When projects are time constrained and with specific objectives, a raked hierarchy where each task manager reports directly to the project leader is
And in order to know the strengths and weaknesses of your team, and know perfectly how to use it efficiently, you can use a BelBin test. That’s what we have done with AvanTeam for the “Tiimidiili” challenge. The day before, everybody shared his BelBin results and the group responsible for the organization the “Tiimidiili” day was able to create the best possible work groups.
- The Management Unit / The Principle of Subsidiarity
If the project leader (or consultant) has appointed one of his team members to be responsible for a theme or an area: e.g. legal or customer relations manager, of the project. It must be ensured that he/she lets the designated individual manage their domain and does not interfere with him/her in his/her handling of his/her team unless it is strictly necessary.
Michael Hyatt explains in his book: “Free to focus”, the delegation is a key to success. But you should know that delegate takes time. Don’t think that you can give a task to your employee and simply let him do it. You must according him your time by explaining how to do what you’re asking him. Michael Hyatt define the five levels of delegation:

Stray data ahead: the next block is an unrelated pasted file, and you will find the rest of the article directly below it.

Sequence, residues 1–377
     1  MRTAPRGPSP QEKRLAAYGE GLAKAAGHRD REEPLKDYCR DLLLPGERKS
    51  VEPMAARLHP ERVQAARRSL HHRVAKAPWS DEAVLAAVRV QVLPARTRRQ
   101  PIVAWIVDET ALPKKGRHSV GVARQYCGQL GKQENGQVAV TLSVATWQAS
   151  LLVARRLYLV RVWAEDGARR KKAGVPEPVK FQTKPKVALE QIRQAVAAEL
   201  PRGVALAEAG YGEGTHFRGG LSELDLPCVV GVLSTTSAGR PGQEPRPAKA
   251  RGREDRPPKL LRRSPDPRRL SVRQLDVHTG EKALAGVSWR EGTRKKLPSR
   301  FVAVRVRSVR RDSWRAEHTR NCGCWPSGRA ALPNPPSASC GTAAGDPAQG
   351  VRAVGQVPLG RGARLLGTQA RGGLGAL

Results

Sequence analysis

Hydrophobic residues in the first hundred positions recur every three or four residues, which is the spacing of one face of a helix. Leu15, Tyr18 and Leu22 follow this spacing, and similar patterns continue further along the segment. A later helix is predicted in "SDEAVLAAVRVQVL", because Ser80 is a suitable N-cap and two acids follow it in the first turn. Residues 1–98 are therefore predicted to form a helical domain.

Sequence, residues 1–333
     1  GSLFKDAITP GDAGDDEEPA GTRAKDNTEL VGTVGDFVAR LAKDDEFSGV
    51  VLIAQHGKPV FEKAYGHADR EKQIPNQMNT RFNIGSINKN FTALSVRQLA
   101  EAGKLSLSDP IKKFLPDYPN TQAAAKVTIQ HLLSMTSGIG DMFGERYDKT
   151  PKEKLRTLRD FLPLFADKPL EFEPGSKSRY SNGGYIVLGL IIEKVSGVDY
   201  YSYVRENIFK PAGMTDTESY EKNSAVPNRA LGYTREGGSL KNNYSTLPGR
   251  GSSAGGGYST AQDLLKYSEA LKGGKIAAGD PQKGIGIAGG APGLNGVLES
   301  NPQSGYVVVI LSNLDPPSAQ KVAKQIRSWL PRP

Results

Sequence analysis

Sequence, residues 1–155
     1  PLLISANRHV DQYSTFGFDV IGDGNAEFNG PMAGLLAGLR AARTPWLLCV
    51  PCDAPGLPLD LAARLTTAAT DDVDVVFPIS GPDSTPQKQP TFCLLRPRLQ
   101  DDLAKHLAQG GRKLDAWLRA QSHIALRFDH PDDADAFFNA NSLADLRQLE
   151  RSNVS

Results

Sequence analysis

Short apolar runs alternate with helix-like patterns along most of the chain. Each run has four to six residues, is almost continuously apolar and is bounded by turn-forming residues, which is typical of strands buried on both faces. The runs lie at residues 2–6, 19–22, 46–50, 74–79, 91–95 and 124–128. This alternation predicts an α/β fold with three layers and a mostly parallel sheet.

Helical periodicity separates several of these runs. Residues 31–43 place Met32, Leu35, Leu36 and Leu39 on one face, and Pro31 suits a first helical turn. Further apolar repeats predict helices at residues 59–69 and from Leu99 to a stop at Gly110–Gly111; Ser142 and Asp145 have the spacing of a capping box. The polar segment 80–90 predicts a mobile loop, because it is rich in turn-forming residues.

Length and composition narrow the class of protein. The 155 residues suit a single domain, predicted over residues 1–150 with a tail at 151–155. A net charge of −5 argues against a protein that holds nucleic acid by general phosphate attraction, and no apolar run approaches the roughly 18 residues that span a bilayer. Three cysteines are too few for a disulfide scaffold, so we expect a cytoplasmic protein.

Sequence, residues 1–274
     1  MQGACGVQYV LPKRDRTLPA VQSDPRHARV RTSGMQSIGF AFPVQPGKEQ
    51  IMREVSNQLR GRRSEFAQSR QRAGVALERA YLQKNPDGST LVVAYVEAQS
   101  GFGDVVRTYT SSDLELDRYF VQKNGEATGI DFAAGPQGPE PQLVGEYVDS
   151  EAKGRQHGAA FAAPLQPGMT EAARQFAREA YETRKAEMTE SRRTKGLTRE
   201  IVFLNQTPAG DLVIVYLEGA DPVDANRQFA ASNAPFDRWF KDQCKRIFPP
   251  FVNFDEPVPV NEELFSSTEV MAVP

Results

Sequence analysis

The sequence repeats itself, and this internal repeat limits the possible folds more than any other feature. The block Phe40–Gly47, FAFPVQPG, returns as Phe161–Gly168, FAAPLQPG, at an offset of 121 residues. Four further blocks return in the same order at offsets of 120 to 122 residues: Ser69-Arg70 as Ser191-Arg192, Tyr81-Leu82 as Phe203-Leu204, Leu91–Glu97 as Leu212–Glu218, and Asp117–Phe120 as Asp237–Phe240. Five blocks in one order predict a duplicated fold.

- You want the person to do exactly what you have asked them to do.
- You want the person to examine or research a topic and report back to you.
- You are giving the person more room to Operates and participates in the problem-solving process, but you are still reserving the final decision to yourself.
- You want the person to evaluate the options, decide on their own, executes the decision, and then give you an update afterwards.
- You are effectively handing the entire project or task over to someone else an exiting the decision altogether (Hyatt, 2019).
Delegate will save you some precious time to let you focus on what really matter for you. Don’t be afraid to delegate but be sure that’s what you delegate has a real purpose for the person who must execute the job.
- Interest Subordination